Auto Mechanics -- Who Are These Guys and How Are They Trained

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Now that you’ve determined that you have a problem, and narrowed down the choice of repair facilities, you should be briefed on the background of the people you’ll be dealing with. Years ago, a mechanic was a guy who was good with his hands who fixed cars. Not any more. In fact, with the complexity of today’s machines, the technical knowledge that these guys must possess is staggering, especially dealership “technicians.” There are over 500,000 pages of Ford service manual material that a Ford dealership technician should be familiar with. Does he know them all? No. Is he required to know them all? Again, no. And with the cars segueing into computers each year, the problem of finding qualified mechanics will continue to escalate. It is estimated that by the year 2010 there will be a shortage of 110,000 qualified automotive mechanics, which means there will most likely be a plethora of unqualified mechanics out there who say they can fix your car as long as you pay cash. It also means that more training will be required, more licenses, seminars and who knows? It may get to the point where a degree in engineering is required to work on the cars of the near future.


Back in the early days, when the automobile first began to transform society, most people thought of the mechanic as a sort of wizard. He possessed a secret working knowledge about the horseless buggies that fascinated and confused most owners, who only cared that it went from point A to point B. When the darn thing stopped running, the mechanic reached into his magic bag of tricks to make it work again. It didn’t matter how he got it back on the road. The fact remained that he did it and with apparent ease—a trick, a secret—something that was akin to turning base metal into gold.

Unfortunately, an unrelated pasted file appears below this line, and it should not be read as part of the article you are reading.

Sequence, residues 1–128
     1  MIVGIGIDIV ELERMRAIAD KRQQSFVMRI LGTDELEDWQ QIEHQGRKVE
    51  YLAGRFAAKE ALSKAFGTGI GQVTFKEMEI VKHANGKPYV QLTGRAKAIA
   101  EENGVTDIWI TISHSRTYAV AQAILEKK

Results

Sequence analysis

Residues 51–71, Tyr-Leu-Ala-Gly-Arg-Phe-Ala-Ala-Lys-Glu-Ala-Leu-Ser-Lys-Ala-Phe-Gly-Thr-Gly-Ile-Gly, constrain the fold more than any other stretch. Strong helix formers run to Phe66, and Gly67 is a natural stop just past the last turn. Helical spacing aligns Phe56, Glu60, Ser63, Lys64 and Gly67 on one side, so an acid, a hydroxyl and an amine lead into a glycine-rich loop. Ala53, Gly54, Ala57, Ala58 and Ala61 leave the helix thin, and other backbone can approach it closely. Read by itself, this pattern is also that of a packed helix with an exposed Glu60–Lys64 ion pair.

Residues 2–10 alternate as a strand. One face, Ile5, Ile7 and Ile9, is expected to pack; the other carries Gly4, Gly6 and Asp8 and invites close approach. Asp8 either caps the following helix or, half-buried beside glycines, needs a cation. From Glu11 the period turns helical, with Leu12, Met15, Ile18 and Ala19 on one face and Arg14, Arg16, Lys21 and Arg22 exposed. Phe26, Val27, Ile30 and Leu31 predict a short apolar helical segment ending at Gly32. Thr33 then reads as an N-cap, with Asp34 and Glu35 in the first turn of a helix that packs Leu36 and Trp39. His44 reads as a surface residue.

The truth of the matter was, most of the mechanics of yesteryear had learned from the school of hard knocks, skinned knuckles and bashed fingers, as well as plenty of trial-and-error. If the domestic manufacturers did not supply an adequate repair manual (most of them didn’t), or if the mechanic did not have one to refer to (he usually didn’t), the odds were that he would dismantle three times as many parts as he had to get the job done. Even this was not fail-safe since he always ran the risk of forgetting the assembly order of the pile of parts that now lay scattered about his shop.

In the decades that followed, cars became larger, heavier and more elaborate in design. They evolved into more than just a vehicle for transportation, transforming into a status symbol and a small extension of the home, equipped with as many creature comforts the chassis could withstand; heaters, air conditioners, radios, electric seats, automatic windshield washers, turn signals and anything else that could be dreamed up were added. But added comfort and convenience could also translate into headaches and more trips to the repair shop. Put simply, there were now more things that could go wrong.


How are mechanics trained and certified? How and where do they get their licenses? What organizations exist that are responsible for training and certification? Why are nearly all of the training programs voluntary? With the lofty hourly repair rates being charged, are you sure that you are receiving these services by skilled and certified professionals, or, is the fact that all mechanics are licensed and certified, illusionary? These are just a few of the questions we must ask. In no other industry will you find such a blurred line of distinction between those who are really qualified and those who are not. Let’s examine some organizations who are presently implementing training and certification programs.